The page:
Adam Fitch: The future of esports organizations isn’t competition - Dexerto
Columns

Adam Fitch: The future of esports organizations isn’t competition

Published: 18/Dec/2020 18:33 Updated: 6/Jan/2021 11:56

by Adam Fitch

Share


Esports is the widely-accepted name for video game tournaments but as the gaming industry expands and matures, the lines between casual and competition continue to blur.

I’m not rallying for the term ‘esports’ to include more than competitive gaming by any means, quite the opposite in fact, but organizations that comprise the industry are doing much more than simply competing against each other these days.

In an effort to become profitable — these orgs are businesses at the end of the day — team brands are having to look elsewhere to generate revenue. Housing competitive players is not a cheap endeavour when you consider salaries, travel, accommodation, bonuses, and all other subsequent expenses that are agreed upon.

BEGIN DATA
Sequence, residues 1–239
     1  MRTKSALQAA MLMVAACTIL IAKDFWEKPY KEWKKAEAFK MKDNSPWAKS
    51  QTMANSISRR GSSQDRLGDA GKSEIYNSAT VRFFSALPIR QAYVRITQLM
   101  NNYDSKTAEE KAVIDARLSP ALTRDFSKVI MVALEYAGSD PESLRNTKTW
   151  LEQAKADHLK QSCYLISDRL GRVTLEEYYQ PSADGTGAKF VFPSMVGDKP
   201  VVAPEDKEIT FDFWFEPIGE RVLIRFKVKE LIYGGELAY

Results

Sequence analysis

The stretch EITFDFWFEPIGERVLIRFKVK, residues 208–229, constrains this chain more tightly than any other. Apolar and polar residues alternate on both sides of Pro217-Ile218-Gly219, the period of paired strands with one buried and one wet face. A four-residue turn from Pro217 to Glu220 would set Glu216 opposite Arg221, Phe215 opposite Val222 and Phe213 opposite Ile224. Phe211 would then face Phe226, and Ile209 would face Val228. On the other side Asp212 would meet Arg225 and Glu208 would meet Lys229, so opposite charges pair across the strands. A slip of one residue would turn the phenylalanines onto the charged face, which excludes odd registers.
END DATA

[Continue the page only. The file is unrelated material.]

It’s tough to monetize this side of gaming considering events, disregarding Valve’s annual The International for Dota 2, don’t dish out enough prize money to provide a return on investment. You can sell spots on jerseys and make your players promote products on social media, but it’s simply still not enough — especially with salaries growing disproportionate to the return said players provide.

100 thieves nadeshot 2hype
100 Thieves
100 Thieves recently signed YouTube group 2HYPE.

The future of esports organizations?

Forbes released their annual esports organization valuations earlier this month, which were met with scepticism by many, but they do have some use regardless of their accuracy. Not only does the report include the magazine’s valuations for the top 10 teams, it provides estimated annual revenue and how much of it came from esports.